Blogger Giovanni said...

I am not a believer in public opinion being a good gauge for art. There's a reason why Thomas Kinkade is this country's most successful artist.

5/21/2009 11:32:00 AM  
Blogger Sean Capone said...

I do think that the type of art placed in the public sphere has to have some type of considerations of both the space and of public taste. This is not pandering, IMO. One enters a museum, gallery or similar 'cultural' space within a certain frame of mind to reflect, navigate, be stimulated, entertained, possibly provoked. Or bored.
To drop a project in a public urban space (already diminutive and problematic) that forces the same type of engagement is a little hubristic.
This means however, that many successful public art projects in the US are little more than amusing playgrounds (in Chicago, the Picasso sculpture, the Crown Fountain; Koons' Flower Puppy etc). Is this a bad thing, to give folks a break in today's cities where there's not so much as a place to sit down without having to buy something?
I have to (again, sorry) bring up the failure of Eliasson's Waterfalls that were on display here last year. They contributed zippo to the visual landscape and lacked both conceptual heft and entertainment value. Why was this? IMO because the public couldn't interact with them, and New Yorkers are probably pretty tired of looking at nothing but scaffolding as they go about their daily business. Tilted Arc, in reverse, but just as annoying. Some public say-so here could have prompted a re-think on what was little more than a tourist-marketing crass endeavor; again, the hubris (of an admittedly world-class artist) on display.

5/21/2009 12:09:00 PM  
Blogger Bromo Ivory said...

I find the inverse equally compelling - Look at the Bauhaus - that entire school was trying to make art, furniture and architecture for workers in some sort of Socialist vision. It was Capitalist Industrialists that bought into the design aesthetic most thoroughly (steel and glass towers and cubicles being the most common manifestation) - and anyone who works for a corporation in an office interacts with the Bauhaus ideas on design on a daily basis which was not their intended audience.

5/21/2009 01:12:00 PM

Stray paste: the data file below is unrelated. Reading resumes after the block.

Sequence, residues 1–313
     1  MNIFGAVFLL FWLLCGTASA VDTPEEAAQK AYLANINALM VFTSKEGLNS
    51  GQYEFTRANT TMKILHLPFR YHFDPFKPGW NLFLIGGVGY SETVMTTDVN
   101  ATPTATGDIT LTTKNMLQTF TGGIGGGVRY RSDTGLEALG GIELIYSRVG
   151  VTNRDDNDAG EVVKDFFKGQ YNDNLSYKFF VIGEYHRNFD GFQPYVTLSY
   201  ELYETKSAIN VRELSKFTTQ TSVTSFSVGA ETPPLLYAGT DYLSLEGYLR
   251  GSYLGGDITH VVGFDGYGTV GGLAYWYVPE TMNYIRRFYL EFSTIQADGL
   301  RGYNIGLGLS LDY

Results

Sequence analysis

Anonymous Anonymous said...

Join the debate at The Guardian, JJ promises to be more involved with questions now, threads go on for far longer than here, too long many times. But we are finally narrowing down to the real question, what is art? This has not been honestly asked and debated in decades, always framed within the academic lingo and self enclosed paramaters, not what the rest of humanity wants and thinks art is. Or should be. Or has always been. And what it must return to, now that it is needed, now that it can no longer remain a plaything for the wealthy and selfabsorbed. Its time to get to work, it's about us, not I. Always has been, always will be.

5/21/2009 07:37:00 PM  
Blogger mm said...

Innovative art is always ahead of public taste. What makes it 'good' as art doesn't necessarily make it the best fit for mass consumption unless that is its intent and function (but that would date it- not a bad thing but something to consider). Masterpieces aren't usually recognized till years after they're first shown, when a body of thought has matured enough to see them through what Mallarmé described as a commensurate gaze.

5/21/2009 08:43:00 PM  
Blogger John Andrew Cipriano, Joe Elliot, Julian Lorber said...

I'm not sure what most people think. The majority of people that I've spoken with about art that didn't have any knowledge or art history or art making look for some realistic representation or recognizable imagery. "That looks like a bird" Therefore it's logical that asking the public's opinion means finding works that are representation of the the public's "opinion".

I agree that giving the public a say is important, it's the foundation of our whole understanding of democracy. On the other hand, art is already coming from a place that takes into consideration the artist's personal environment which includes the public in some small way. Letting them choose art isn't necessary.
Art professionals spend a great deal of time, energy and love putting themselves into direct connection and conflict with art, just so they can be the ones making those decisions (competently).

Things we let the public make decisions about - President, American Idol, abortion and women's bodies... am I joking?

5/21/2009 09:53:00 PM  
Blogger CAP said...